Marilyn Monroe

MarilynMonroeNorma Jeane Negatives

Presented by Linton & Kay Galleries, Marilyn Monroe: Exclusive Collection Of Original Photographs From LA is a pop up exhibition featuring almost 100 rare pictures of Monroe by seven different photographers. We spoke to the curator, Andrew Weiss, the world’s largest dealer of Marilyn Monroe photography.

Andrew Weiss seems to have been destined to work in the art world, as both his lineage and his success attest. “I am a third generation art dealer,” he explains. “My grandfather was a picture framer in New York. I started my career in the industry at a publishing company when I was 18, showing art to galleries throughout the US. Five years later, I started my own business and have now been in the industry for 45 years, owning several galleries throughout the US.”

When we speak to him, he’s in Perth for the opening of the Marilyn Monroe photographic exhibition, a collection of which he is justifiably proud. “The exhibition is historic,” he tells us. “Showcasing Marilyn Monroe’s remarkable transition from Norma Jeane to Hollywood’s biggest star over the 17 years of her career. The collection includes photographs from the first time Marilyn was ever paid to model, when she was 19, through to her last photo with New York photographer George Barris in 1962. Seven photographers are featured in the exhibition, and the photos tell a story of the different relationships that Marilyn had with each of them – whether they were personal or professional.

“Included in the Perth exhibition are photos by Milton Greene, which have never been seen anywhere else in the world. I purchased the negatives and restored them just over two years ago. Every time I view the exhibition, I find that there’s always something new to discover about Marilyn and who she was at a particular time.”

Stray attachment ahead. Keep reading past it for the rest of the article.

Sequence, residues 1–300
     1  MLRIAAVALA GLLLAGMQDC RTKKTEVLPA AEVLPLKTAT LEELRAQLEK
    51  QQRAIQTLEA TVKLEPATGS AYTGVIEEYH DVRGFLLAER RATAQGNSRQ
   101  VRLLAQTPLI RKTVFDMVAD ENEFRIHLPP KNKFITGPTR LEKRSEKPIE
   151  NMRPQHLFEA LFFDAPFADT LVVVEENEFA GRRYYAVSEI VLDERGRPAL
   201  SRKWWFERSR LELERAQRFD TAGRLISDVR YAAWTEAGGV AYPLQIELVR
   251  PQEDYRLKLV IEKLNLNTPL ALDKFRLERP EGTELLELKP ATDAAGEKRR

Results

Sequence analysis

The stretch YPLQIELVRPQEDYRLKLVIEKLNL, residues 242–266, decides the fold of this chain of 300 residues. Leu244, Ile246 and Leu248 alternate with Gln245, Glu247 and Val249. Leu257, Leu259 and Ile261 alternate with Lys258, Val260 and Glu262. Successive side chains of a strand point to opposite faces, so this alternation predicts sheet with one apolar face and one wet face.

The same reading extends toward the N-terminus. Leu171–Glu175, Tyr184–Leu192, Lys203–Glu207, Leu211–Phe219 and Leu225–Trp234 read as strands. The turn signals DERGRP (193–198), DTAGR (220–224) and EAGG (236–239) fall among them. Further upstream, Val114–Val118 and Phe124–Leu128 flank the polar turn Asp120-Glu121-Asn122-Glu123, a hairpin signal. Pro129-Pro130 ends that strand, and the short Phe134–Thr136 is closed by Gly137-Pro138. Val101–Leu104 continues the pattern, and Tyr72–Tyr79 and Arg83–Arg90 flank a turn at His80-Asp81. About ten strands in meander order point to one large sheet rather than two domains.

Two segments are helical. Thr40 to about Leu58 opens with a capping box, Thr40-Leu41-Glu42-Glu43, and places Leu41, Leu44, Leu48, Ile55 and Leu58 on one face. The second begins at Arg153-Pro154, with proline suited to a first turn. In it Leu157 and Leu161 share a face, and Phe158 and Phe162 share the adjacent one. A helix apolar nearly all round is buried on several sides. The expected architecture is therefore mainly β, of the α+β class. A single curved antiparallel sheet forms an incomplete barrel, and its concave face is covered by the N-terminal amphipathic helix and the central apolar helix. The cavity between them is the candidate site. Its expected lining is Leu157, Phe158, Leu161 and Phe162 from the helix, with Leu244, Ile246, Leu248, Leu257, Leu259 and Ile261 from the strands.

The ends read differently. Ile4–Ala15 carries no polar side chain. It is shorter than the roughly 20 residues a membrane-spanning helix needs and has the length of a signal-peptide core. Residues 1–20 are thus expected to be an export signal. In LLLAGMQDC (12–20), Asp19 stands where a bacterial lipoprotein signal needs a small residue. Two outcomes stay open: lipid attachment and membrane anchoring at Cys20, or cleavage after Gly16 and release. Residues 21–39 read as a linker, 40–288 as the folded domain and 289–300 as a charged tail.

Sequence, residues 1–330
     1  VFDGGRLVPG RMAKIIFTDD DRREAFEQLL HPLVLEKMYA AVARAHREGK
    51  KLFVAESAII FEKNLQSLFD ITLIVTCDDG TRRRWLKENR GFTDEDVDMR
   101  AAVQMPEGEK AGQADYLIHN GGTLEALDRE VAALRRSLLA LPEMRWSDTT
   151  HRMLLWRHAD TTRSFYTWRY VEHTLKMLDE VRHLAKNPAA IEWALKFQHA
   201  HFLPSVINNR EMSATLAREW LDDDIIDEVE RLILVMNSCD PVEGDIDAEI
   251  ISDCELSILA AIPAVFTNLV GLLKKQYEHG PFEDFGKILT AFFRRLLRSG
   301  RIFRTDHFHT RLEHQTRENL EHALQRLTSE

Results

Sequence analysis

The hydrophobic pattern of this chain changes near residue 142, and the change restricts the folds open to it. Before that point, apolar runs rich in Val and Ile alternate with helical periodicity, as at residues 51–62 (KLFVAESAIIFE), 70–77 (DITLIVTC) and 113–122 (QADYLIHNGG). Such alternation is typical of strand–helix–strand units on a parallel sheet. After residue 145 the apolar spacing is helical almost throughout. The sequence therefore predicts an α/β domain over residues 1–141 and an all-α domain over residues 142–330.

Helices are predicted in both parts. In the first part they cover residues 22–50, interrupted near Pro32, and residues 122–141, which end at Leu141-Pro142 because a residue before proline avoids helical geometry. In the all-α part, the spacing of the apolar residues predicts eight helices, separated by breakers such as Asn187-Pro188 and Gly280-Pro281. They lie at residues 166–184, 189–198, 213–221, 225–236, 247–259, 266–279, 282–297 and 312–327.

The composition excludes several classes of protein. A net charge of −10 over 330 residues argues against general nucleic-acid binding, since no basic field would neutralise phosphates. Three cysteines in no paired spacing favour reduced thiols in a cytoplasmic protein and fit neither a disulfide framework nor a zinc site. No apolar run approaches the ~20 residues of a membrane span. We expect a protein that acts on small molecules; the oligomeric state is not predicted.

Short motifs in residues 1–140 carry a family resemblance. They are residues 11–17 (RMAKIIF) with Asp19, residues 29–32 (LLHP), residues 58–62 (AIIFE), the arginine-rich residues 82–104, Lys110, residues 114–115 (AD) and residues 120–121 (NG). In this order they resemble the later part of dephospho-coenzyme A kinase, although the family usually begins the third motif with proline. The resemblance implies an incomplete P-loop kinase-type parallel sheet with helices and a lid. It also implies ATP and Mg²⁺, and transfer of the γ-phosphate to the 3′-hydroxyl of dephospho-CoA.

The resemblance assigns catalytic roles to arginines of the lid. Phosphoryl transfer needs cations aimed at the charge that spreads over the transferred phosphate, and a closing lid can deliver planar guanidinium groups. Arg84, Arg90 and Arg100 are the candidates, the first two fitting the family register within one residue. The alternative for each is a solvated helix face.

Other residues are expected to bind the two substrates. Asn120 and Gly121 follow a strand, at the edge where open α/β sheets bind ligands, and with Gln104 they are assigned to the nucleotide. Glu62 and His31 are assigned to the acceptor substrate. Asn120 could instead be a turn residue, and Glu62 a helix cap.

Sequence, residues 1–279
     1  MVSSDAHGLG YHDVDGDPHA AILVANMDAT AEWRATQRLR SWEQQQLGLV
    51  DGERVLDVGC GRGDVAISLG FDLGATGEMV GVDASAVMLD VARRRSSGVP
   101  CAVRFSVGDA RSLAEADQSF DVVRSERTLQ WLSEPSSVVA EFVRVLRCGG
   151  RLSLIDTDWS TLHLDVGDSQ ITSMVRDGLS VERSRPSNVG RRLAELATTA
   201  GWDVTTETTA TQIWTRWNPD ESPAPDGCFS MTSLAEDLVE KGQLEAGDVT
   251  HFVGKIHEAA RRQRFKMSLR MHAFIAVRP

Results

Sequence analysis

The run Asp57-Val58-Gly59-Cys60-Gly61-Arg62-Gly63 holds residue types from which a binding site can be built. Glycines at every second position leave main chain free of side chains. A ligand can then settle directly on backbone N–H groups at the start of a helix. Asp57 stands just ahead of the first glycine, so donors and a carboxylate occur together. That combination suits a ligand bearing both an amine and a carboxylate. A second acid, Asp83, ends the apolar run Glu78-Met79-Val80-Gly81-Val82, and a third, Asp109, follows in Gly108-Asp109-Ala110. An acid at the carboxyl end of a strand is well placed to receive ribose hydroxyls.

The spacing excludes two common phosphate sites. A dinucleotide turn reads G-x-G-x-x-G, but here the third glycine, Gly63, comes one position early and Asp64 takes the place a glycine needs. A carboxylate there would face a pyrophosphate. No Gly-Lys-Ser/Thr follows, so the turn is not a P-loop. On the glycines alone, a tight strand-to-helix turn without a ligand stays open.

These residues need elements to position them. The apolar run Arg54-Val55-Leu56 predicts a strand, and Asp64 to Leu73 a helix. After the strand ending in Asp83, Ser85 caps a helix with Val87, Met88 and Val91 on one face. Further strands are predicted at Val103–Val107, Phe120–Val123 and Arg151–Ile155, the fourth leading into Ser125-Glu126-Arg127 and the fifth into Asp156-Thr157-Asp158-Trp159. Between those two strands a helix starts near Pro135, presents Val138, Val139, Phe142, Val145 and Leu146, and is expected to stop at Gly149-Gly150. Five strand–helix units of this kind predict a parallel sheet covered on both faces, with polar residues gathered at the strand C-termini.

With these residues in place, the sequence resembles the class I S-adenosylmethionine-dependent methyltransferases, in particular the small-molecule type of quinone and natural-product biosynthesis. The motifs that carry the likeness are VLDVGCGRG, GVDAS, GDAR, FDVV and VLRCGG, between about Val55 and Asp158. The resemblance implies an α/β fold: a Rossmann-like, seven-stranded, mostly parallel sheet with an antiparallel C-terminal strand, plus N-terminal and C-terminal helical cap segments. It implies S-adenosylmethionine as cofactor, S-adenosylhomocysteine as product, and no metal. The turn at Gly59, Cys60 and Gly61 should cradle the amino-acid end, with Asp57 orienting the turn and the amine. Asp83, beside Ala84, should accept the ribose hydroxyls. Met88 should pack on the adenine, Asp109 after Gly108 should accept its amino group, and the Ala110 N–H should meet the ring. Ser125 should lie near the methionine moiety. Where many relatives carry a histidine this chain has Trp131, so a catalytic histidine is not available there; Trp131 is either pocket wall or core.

Weiss was able to obtain the photographs through his friend, Edward Western. “My dear friend and pioneer in the art business, Edward Western was an art publisher known for classic Hollywood glamour photography. With New York photographer George Barris, Edward published what came to be known as ‘the last photos’ of Marilyn Monroe, taken from the original camera negatives. Edward then continued to build the collection of Marilyn Monroe photography, working with a selection of photographers who had a special connection with Marilyn. When Edward passed away, I purchased his entire collection.”

Although Monroe passed away almost exactly 52 years ago (the anniversary of her death is August 5) our cultural fascination with her never seems to dim. “When Marilyn was alive, she was the epitome of beauty, and continues to withstand the test of time from generation to generation. She appeals to men, but also to women with a certain vulnerability about her that they can relate to. Passing away at just 36, Marilyn will always be forever young.”


Marilyn Monroe: Exclusive Collection Of Original Photographs From LA is on display in the Central Park lobby until August 15.